A new product employs a third method that is similar to that taught by Reid in U.S. Pat. No. 4,2216,350, issued Aug. 6, 1980. Reid teaches the use of a non-fusible web to hold toroid shaped solder preforms to apply solder to the terminal pins of semiconductor packages which are designed to be mounted by soldering the terminal pins in the holes of printed circuit boards. The new product substitutes spherical shaped masses of solder captured in a non-fusible web. The product is designed to be positioned on the BGA substrate such that the solder spheres are directly above, or in contact with the pads on the substrate. The system is then heated to above the melting point of the solder to melt and release the solder masses, which then wet the pads and form the metallurgical bonds with the pads. While this method virtually eliminates the necessity for capital equipment for positioning the solder balls with a manual process and significantly reduces the cost of automating the process, it does not eliminate the problem of missing solder balls. The non-fusible web is relatively weak and the solder balls are held in place by friction. Any flexing of the carrier during handling is liable to displace one or more solder balls. While the non-fusible carrier does eliminate much of the capital cost of solder ball attachment, the cost of solder balls mounted in the carrier is much greater than if they were purchased in bulk as discreet balls.
Adding to the cost of all of these methods is the cost of the solder balls themselves. The value of the metal in 1,000, 0.75 mm diameter solder balls is on the order of $0.03 but the price of said balls is over 10 times that. The cost of the solder balls over the value of the metals is the result of the complexity of the manufacturing, grading and handling of such small and precise spheres.
Despite the sophistication of some of the current methods, all of the heretofore known methods for forming and attaching solder balls to ball grid array substrates suffer from a number of disadvantages:
(a) The processes most commonly used to attach solder balls to BGA packages is cumbersome and tedious and perceived to be so by most of those responsible for implementing such processes. There is the perception, held by many of those same people, that one of the keys to promoting the BGA style package to the level of a commercial success, is providing a method of ball attachment that can be more easily and more widely implemented.
(b) The processes used to position the hundreds of individual solder balls are susceptible to either omitting balls, misplacing balls or introducing extra balls. Misplaced or missing balls, if not corrected by a rework process, render the package useless. Since ball attachment is typically the last step in the packaging process, the loss of a package during the ball attachment operation also means the loss of the device in the package. Since BGA packages are used primarily for high lead count, high value devices, the failure to attach a few dimes worth of solder balls could result in the loss of a microprocessor worth hundreds of dollars.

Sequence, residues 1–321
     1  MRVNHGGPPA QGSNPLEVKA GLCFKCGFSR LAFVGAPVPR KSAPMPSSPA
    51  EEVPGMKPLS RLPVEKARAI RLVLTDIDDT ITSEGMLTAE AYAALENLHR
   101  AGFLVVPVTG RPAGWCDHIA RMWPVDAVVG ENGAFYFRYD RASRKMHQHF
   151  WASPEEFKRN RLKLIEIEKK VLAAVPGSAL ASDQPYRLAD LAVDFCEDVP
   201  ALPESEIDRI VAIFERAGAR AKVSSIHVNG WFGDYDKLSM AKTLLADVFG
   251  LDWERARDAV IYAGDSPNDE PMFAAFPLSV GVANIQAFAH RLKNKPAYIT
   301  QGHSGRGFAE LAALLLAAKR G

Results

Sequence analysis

(c) Prior art BGA substrates, which have hundreds of tiny, weakly adhering solder balls require extra care in handling as the individual balls are prone to displacement.
(d) The cost of positioning hundreds of discrete spheres is high.
(e) The cost of producing the small, precise balls of solder alloy is many times the value of the solder alloy.
(f) Inspection systems capable of identifying a small percentage of packages with missing and/or displaced solder balls virtually demands automated vision systems which are very expensive.
(g) Current solder ball attachment processes use rosin type, "sticky" solder flux to maintain the position the solder balls between the time they are initially positioned and the time they are melted and bonded to the receiving pads of the substrate. While the flux serves its purpose as a glue and is an effective flux, it is difficult to clean off after reflow and incompatible with soldering processes that use no-clean fluxes or no flux at all. Rosin type fluxes require cleaning solvents that are toxic and damaging to the ozone layer and as such are rapidly being replaced by materials and processes that do not require solvent cleaning.
Accordingly, several objects and advantages of the present invention are:
(a) to provide a very simple method of positioning the solder required for all of the solder ball receiving areas on a BGA package in a single, quick operation that is adaptable to any level of automation, from strictly manual to completely automated with no loss of utility or accuracy;
(b) to provide a process that assures that there is one and only one solder mass for each solder ball receiving pads on a BGA substrate;
(c) to provide a process that eliminates the possibility of an individual solder ball being displaced after initially being properly positioned and generally provide a more robust system with respect to the processing that occurs after the balls are positioned on the substrate and before the solder is melted and the metallurgical joint is formed;
(d) to provide a process that significantly reduces the overall cost of positioning and attaching solder balls to BGA substrates;
(e) to provide a process wherein the starting material is produced by a much simpler process and is thereby significantly less expensive than producing individual, precision solder balls.
(f) to provide a process wherein the intrinsic process capability is great enough to allow for process control using statistical process control methodology and thus eliminate the need for elaborate and expensive inspection systems;
(g) to provide a process that is compatible with no-clean fluxes and fluxless soldering systems.
Further objectives and advantages of my invention will become apparent from consideration of the drawings and ensuing description.
FIG. 1 shows a perspective view a of solder ball array preform and its basic components in relation to a substrate on which it will be positioned.